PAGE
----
As the Stanley Cup Final continues, the Seattle Kraken experienced the sort of week that most teams do at this time of year when they are not competing for a banner. Some young players are signed, staffers leaving the franchise for career opportunities, and the club’s name is included in conversations about significant players on other rosters who may be on the move soon. Let’s recap the talking points, both big and small, that involved the Kraken this past week.

Kraken Sign Oscar Fiskar Molgaard to Entry-Level Contract

As general manager Ron Francis and his staff gear up for the 2024 NHL Entry Draft, the club has formalized business relations with one of the prospects it selected one year ago in Nashville. Dane Oscar Fisker Molgaard, taken 52nd overall, has been signed to an entry-level contract for three seasons with an average annual value of $950,000.

Related: Seattle Kraken’s 3rd Round Options at 2024 Draft

The 19-year-old center hails from Frederikshavn, Denmark. He has played in Europe his entire life for teams in leagues such as J18 Nationell, J20 Nationell, and most recently a club named HV71 in the Swedish Hockey League. In 2022-23 he tallied seven points for HV71 (four goals and three helpers) and boosted those figures to 21 points in 2023-24 courtesy of nine markers and 12 assists. 

His newly minted status as an official Kraken center adds intrigue to the possibilities in store next season. For most of the present campaign, they operated with Matty Beniers, Yanni Gourde, Jaden Schwartz, and Alex Wennberg as the main centers. As most know, Wennberg is now a New York Ranger. Beniers needs a new contract – he is a restricted free agent on July 1. Gourde has one year left on a deal that pays him $5.16 million before his status to unrestricted free agency in July 2025. What’s more, the 2023-24 season witnessed Seattle give some pro-level ice time to recent draftees Shane Wright and Logan Morrison. 

They can’t all be top liners, but it never hurts a franchise to keep its options open by having a player under contract for a modest figure.

Jay Leach Leaves for the Boston Bruins

A few weeks ago when the Kraken’s head coaching position was still vacant, I wrote an article about viable candidates. Dan Bylsma – who got the job – felt like an obvious choice given his ties to Seattle’s American Hockey League (AHL) affiliate club, the Coachella Valley Firebirds. Another name was Jay Leach, who worked alongside Bylsma’s predecessor, Dave Hakstol since the franchise first played in 2021. 

Jay Leach, Seattle Kraken (Amy Irvin / The Hockey Writers)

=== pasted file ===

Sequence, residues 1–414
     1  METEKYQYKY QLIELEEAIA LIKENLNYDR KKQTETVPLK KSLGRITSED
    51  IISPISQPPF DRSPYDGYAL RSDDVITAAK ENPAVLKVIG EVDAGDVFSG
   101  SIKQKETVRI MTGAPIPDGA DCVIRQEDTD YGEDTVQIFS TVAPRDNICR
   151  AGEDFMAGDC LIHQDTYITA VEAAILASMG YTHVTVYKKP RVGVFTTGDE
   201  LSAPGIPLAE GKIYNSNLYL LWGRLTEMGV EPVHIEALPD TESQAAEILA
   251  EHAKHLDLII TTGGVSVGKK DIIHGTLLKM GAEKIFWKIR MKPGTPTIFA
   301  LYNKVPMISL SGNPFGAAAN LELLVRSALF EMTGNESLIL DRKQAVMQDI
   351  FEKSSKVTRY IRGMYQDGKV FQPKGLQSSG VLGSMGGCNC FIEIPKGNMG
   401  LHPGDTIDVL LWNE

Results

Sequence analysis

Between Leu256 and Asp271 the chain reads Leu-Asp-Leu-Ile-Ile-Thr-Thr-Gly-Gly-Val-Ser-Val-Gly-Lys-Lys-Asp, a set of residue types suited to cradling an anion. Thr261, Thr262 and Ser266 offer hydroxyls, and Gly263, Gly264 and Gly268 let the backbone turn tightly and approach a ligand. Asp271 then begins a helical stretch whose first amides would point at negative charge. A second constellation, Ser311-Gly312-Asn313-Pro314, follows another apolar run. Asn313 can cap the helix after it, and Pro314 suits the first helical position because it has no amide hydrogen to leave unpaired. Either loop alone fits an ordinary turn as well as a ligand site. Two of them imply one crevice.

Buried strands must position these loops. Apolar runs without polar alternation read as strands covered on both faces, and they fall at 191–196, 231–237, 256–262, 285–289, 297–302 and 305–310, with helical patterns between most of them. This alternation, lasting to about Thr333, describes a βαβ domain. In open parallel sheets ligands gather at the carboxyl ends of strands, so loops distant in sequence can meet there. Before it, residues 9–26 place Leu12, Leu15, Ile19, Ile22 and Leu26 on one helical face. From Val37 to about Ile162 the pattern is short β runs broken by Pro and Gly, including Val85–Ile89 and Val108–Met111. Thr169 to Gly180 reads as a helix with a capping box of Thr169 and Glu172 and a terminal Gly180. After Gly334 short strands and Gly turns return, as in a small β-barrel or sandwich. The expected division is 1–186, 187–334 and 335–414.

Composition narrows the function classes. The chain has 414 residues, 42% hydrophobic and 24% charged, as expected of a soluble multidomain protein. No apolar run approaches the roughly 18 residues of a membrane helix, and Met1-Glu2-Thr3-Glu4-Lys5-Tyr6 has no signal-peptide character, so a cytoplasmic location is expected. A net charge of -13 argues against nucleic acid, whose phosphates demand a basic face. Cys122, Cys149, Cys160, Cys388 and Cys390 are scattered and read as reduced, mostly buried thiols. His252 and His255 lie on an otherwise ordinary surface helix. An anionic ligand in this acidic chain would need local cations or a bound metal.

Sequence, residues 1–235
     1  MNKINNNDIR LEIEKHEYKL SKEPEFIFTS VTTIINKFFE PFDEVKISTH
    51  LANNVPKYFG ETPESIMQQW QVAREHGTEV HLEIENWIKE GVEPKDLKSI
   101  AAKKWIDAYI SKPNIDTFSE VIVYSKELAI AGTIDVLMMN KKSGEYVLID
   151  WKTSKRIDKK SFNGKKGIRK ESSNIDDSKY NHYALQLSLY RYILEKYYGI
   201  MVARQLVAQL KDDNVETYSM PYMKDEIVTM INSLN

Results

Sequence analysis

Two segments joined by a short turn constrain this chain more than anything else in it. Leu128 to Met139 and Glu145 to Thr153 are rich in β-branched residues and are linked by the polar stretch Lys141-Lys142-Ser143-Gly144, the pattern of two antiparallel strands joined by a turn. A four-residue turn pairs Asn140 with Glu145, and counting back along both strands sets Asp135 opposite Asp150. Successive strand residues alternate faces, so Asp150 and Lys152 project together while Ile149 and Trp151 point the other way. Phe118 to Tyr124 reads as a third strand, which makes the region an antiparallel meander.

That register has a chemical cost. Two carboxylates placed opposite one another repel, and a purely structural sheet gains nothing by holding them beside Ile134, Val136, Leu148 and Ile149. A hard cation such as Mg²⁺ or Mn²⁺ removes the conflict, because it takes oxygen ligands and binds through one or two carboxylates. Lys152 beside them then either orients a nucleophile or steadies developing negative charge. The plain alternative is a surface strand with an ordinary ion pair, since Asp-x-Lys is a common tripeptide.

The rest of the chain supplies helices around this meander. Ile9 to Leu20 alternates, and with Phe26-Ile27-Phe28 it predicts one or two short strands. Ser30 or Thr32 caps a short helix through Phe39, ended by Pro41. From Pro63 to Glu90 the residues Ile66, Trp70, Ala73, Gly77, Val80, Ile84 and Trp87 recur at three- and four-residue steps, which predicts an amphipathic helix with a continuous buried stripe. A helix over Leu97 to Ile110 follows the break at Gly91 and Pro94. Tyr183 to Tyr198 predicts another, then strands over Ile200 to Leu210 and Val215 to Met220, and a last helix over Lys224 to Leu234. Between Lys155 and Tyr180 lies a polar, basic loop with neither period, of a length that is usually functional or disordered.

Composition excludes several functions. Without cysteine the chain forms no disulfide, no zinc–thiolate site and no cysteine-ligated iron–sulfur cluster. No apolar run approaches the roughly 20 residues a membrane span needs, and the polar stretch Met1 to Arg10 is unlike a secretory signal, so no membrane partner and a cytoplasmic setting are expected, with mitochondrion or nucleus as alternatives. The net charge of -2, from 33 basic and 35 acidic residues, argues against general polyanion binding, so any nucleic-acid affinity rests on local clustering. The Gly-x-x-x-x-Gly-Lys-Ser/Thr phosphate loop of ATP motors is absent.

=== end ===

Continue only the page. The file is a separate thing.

It was made official on June 12 that Bylsma will have an assistant coach vacancy to fill. Not because Seattle fired Leach, but rather because the Boston Bruins lured him back to their neck of the woods. It’s been said that the Kraken’s stout defensive play had a lot to do with Leach’s teachings. He was also in charge of coaching up the penalty-killing units. While it is unfortunate to see someone leave, a new head coach often brings in people they have worked with. Not only that, but Leach may have been chuffed by Boston inquiring about him since he spent five seasons leading the Providence Bruins, their AHL affiliate. Home is where the heart is.

Patrik Laine to the Kraken?

Anyone browsing The Hockey Writers’ top articles this Saturday might have spotted Mark Scheig’s news roundup. Among the talking points was that Columbus Blue Jackets forward Patrik Laine wants to play for another team. 

It didn’t take long for other publications to rattle off team names as possible destinations for the 26-year-old Finnish attacker. Julian Gaudio of The Hockey News wrote an article about Seattle possibly engaging in conversations with Columbus for a possible trade.

Laine’s story and, more importantly, his baggage, is far from simple. He has not played an NHL match since December in part due to injuries, but he also entered the league’s Player Assistance Program. That’s both a good thing (seeking help is the first step towards improvement) and a bad one. Scratch that. “Bad” is a bit dramatic. Suffice it to say that Seattle would have to do extra homework to figure out if the club and Laine could be a good fit. At the risk of sounding obvious, proceed with caution. 

There is no question that his first four seasons with the Winnipeg Jets were solid. He never scored fewer than 28 goals and even hit 44 in 2017-18. Unfortunately, he was dealt to the Blue Jackets at almost the worst time. The side had experienced a couple of decent campaigns that led to playoff participation, but the team’s downfall was beginning. Personal off-ice issues surfaced, the injury bug bit him, and his statistics have never been the same since his days in Winnipeg. 

It says a lot when, two years after signing a four-year contract, a player wants out. Again, it could also say a lot about the dire straits the Blue Jackets are in – to be fair, they don’t look great these days – but it’s also been rough for Laine. It could boil down to how desperate the Kraken are to give their moribund offense a jolt.

That wraps up the stories coming out of Seattle. The draft is only weeks away, as is free agency, so there will surely be whispers and rumors about Kraken summertime activity between now and then. It will also be interesting to see how the Calder Cup Final plays out. At the time of writing, the Firebirds lead their series 1-0 against the Hershey Bears. We shall soon find out if Seattle’s coach caps off his AHL career with a championship.

Substack The Hockey Writers Seattle Kraken Banner


Please enter your comment!
Please enter your name here